This procedure is quite painful and requires multiple forms of pain control to provide post-operative comfort. Cats must spend the day and night in the hospital, an experience that is very stressful for any cat.

When the surgery is performed, incomplete removal of the bone can result in nail regrowth. The presence of bone fragments causes pain and requires additional corrective surgery. The potential for poor recovery and long-term pain increases with age and weight, although even young kittens may exhibit signs of discomfort for weeks afterwards.


Haboob on cat tree

photo by Natalie Taylor

Destructive scratching is a behavior problem that can be solved by providing desirable scratching objects in preferred locations and training the cat to use those objects. There is a common misconception among cat owners that cats cannot be trained. With patience and education, cats can be trained to exhibit desirable scratching behavior. This training strengthens the bond between owner and cat, and eliminates the stress of dealing with unwanted behaviors. Providing adequate environmental enrichment prevents boredom. Unintentional scratching can be minimized with appropriate handling and play, and regular claw maintenance.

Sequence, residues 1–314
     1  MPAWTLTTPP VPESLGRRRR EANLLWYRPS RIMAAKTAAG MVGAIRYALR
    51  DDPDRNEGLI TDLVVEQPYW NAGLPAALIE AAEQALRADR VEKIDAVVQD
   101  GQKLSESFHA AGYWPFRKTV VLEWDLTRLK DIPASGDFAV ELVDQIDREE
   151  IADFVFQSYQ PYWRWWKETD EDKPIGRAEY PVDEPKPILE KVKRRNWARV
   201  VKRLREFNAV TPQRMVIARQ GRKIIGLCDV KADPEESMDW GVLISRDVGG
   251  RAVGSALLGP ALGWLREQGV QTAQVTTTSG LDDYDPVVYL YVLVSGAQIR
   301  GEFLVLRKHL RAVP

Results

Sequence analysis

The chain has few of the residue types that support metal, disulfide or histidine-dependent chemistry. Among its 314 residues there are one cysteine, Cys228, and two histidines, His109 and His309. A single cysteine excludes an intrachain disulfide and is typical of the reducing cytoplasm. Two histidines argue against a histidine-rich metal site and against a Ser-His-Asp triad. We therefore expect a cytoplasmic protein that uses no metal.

References: Journal of Feline Medicine and SurgeryAAFP 2015 Position Statement on Declawing

Behavior Resources:


Food Foraging

Even though our pet cats live indoors, they maintain an instinctive desire to hunt prey. With no outlet for this behavior, cats can become bored and anxious. Lack of stimulation can develop into behavior problems such as aggression towards other pets or people, over-grooming, inappropriate urination, destructive scratching or chewing, excessive vocalization, and restlessness. A simple way to increase a cat’s level of activity is through the use of foraging toys, slow-feeder bowls, and food puzzles, which provide mental stimulation through problem solving.